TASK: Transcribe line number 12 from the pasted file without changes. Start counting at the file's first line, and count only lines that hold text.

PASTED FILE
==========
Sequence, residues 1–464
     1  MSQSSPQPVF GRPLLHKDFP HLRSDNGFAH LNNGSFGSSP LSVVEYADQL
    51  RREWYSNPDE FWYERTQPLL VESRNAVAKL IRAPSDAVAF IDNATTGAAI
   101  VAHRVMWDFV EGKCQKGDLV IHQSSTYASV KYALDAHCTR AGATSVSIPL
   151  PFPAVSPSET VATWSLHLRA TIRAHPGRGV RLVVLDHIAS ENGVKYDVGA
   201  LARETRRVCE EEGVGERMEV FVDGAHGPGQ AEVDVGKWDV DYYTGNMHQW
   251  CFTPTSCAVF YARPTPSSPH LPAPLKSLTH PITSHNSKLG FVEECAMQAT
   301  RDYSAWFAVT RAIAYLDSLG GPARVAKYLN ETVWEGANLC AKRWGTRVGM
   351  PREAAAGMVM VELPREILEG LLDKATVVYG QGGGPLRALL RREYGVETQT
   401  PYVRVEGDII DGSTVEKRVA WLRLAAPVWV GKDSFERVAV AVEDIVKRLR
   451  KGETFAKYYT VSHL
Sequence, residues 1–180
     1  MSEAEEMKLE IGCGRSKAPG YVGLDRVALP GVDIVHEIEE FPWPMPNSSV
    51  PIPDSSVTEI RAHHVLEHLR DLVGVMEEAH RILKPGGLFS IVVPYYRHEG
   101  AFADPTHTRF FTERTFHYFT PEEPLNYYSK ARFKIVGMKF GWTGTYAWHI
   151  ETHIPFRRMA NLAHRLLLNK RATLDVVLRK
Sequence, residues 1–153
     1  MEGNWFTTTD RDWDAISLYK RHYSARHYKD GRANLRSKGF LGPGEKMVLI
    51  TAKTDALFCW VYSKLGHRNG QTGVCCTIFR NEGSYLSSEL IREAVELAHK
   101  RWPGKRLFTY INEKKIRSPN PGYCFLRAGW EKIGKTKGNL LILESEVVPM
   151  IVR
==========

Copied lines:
Sequence, residues 1–180